Anna Willard, Oiselle Haute Volée and one of the all-time greatest American middle distance runners, has had her share of ups and downs. Anna is an Olympian and previous American Record holder in the steeplechase, with PR's of 1:58.80 in the 800m and 3:59.38 in the 1500m(!!!!). Anna, like many of us, has experienced the frustrations of injury and inability to compete. As part of our ongoing series The Flyway, Anna takes us through her return to badassery in 2016 and beyond.


For as long as I’ve been running, autumn has been a time to reflect and set new goals for the coming 12 months. Typically this involved celebrating what I had accomplished the previous year and dreaming about what I would conquer next. For so many seasons, no goal was too big, too ambitious or too unrealistic. I loved and anticipated the arrival of cooler air and changing leaves; I felt like Dr. Evil as I began plotting my world domination with unbridled determination!

But then came a fall where I hadn’t achieved my previously set goals. And then another fall came with the same result. And then another. Had I reached my potential? Were those times of badassery a thing of the past? Was I doomed to forever be a hamster on a wheel of injuries? That last one - the thought of purgatory - was the last straw. In the spring 2015, I hung up my track spikes, albeit with great sadness, and walked away from competitive running after three years of struggling with injuries.

I knew I needed to change, but I couldn’t quite let go of life as I knew it. Leaving behind my identity as Anna-The-Professional-Runner was always anything but a smooth transition. Running had been my best friend through the last two decades, a comforting daily ritual, and without it I felt rudderless. Then came the fall of 2015, and the brisk air brought that familiar ache, an undeniable desire to crush PRs.


So at the start of 2016 I came out of retirement swinging; with a Rocky-esque zeal I attacked training and hoped I could not only achieve what I had in the past but somehow surpass it. Months tumbled by, fitness and confidence growing, and suddenly summer was upon me. I arrived at races excited to feel that old fire in my belly and that innate swagger that once earned me the nickname of "The Peacock". I stood on the line nervous, but something was missing. Racing and training was still fun and exciting, but it wasn’t everything anymore.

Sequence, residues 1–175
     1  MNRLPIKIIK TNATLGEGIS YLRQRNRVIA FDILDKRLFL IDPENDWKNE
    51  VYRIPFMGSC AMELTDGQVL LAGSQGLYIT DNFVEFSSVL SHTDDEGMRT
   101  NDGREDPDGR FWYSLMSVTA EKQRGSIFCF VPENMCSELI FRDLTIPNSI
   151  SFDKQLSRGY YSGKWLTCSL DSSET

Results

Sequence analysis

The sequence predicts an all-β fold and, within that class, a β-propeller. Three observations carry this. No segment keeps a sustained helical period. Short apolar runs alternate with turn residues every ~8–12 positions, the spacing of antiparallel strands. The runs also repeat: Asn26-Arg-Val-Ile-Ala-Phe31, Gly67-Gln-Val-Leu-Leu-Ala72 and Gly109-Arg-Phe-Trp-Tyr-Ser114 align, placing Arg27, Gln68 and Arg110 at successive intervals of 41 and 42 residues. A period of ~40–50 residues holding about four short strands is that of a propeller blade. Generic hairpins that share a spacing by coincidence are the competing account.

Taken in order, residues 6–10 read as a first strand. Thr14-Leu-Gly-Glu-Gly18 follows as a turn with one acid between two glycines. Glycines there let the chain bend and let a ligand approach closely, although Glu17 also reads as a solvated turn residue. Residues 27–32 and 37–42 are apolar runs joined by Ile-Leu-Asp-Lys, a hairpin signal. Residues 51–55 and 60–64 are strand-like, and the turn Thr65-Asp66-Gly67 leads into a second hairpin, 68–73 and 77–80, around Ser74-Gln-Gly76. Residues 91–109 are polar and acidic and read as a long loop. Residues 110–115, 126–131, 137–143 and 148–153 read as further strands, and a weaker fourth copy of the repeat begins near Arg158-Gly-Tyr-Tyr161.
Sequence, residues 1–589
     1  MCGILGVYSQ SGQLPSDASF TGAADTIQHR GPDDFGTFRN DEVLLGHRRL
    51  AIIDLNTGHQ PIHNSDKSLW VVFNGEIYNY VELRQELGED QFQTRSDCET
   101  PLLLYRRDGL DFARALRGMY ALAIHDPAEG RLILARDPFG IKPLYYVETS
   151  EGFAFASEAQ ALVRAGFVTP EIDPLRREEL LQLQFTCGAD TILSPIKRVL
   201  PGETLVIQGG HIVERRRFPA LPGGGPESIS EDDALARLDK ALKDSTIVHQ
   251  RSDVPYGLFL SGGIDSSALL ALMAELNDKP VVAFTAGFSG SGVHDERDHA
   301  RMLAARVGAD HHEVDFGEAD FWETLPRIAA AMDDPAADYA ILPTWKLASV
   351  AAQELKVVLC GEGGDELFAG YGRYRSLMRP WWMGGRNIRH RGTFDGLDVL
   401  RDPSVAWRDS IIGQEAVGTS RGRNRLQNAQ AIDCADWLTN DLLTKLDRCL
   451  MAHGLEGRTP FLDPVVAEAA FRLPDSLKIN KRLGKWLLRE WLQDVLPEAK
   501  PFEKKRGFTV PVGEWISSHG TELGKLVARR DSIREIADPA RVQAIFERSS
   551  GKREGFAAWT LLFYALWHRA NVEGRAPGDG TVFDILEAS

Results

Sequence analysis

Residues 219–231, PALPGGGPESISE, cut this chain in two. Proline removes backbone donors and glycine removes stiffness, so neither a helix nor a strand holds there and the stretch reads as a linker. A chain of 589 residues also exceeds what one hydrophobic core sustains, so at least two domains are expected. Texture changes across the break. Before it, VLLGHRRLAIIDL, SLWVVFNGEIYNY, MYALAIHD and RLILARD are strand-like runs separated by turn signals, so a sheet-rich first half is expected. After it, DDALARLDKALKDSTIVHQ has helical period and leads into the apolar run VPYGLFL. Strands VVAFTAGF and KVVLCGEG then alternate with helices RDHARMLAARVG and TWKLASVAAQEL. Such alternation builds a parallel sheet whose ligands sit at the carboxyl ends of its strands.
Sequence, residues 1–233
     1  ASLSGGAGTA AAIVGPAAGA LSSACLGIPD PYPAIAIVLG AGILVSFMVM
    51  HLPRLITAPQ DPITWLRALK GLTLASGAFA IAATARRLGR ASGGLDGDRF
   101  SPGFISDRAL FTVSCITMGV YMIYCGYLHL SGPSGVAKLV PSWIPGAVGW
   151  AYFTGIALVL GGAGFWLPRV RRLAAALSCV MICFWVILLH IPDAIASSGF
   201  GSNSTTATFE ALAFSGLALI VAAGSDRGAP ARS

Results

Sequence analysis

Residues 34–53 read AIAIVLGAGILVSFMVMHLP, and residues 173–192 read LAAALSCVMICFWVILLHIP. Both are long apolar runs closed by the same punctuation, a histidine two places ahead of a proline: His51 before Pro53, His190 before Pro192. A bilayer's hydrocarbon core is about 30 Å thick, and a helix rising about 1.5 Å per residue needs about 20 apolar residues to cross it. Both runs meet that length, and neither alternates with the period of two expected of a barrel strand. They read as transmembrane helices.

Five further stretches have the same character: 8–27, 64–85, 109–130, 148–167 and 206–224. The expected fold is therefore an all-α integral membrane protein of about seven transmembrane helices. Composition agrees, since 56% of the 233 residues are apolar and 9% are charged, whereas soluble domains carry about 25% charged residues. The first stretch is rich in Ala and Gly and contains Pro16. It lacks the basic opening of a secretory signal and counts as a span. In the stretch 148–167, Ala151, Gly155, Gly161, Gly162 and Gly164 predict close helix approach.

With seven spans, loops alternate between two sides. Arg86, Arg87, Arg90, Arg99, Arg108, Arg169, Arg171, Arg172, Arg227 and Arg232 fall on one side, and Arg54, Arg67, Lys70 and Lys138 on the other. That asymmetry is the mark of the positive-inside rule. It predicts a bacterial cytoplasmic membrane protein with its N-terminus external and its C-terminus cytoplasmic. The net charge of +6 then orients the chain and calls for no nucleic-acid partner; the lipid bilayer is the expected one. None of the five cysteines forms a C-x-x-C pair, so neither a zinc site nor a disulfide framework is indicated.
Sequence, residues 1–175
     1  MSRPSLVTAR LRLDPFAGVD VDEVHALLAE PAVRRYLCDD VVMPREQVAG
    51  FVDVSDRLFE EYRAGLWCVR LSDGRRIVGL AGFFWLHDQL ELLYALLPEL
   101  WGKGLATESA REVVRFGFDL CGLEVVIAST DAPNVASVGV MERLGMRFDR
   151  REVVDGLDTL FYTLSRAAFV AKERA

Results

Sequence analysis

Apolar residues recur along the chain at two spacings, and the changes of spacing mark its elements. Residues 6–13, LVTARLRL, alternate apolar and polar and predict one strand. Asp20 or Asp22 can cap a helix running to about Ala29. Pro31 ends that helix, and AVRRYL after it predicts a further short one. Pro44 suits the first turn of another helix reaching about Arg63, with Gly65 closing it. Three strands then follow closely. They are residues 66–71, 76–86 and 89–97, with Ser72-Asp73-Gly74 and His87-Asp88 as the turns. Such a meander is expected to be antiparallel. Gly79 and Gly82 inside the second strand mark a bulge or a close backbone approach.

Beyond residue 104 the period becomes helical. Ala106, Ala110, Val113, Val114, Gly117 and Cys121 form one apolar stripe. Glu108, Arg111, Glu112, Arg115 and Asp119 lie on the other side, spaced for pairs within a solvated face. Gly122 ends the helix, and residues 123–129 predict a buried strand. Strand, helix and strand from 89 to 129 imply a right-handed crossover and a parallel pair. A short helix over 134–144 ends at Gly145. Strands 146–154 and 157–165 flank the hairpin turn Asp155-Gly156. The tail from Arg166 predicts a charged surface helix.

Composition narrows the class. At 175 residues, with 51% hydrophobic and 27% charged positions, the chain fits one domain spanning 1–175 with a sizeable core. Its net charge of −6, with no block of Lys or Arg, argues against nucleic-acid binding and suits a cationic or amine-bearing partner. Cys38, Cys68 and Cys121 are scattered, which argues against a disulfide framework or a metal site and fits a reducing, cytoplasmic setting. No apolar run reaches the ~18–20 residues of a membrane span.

Once the dust settled, I expected to feel disappointment. With great surprise, instead, there was a sense of calm and self-acceptance, one I may not have ever achieved had I not strived to make another Olympic Team. I can now acknowledge my impressive running resume without that voice in my head saying, “It wasn’t good enough. I can do better. I will medal next time.” I felt peace with what I achieved on the track, and an acceptable that greatness comes in many forms through the phases of life.

Expressing myself through movement and physicality has always been a fundamental part of who I am. As a result, running had become the primary way I defined myself. Now I can say that it is simply something that I do, not all that I am. These days, through coaching, Crossfit, hiking, and yoga I can now equally satisfy that urge to move, fight and sweat.


Whether I was ready or not, fall showed up right on schedule this year. Like every time before, I reflected and then set my sights for the coming year. But unlike every time before, I did so after opening my eyes and looking around my life and seeing how full and rich it has become. No longer is it only about me and what this body can achieve. I feel connected to so many communities: the women of Oiselle, Crossfit Merrimack, the running athletes who I coach, the Grenier family that I am now a part of. It’s hard to put into words how much my life has changed in such a seemingly short time. This autumn, I finally had a feeling of living the life I was meant to live, even if it was not the life I ever imagined for myself.

But I still run. And sometimes I still run hard. Because I love it, and I always will. Recently, I suited up and raced my local Turkey Trot, surprising myself by running 30 seconds faster than I had last year. Because who wants to be a Turkey when you can unleash The Peacock?

- Anna Willard

December 06, 2016 — jbarnard

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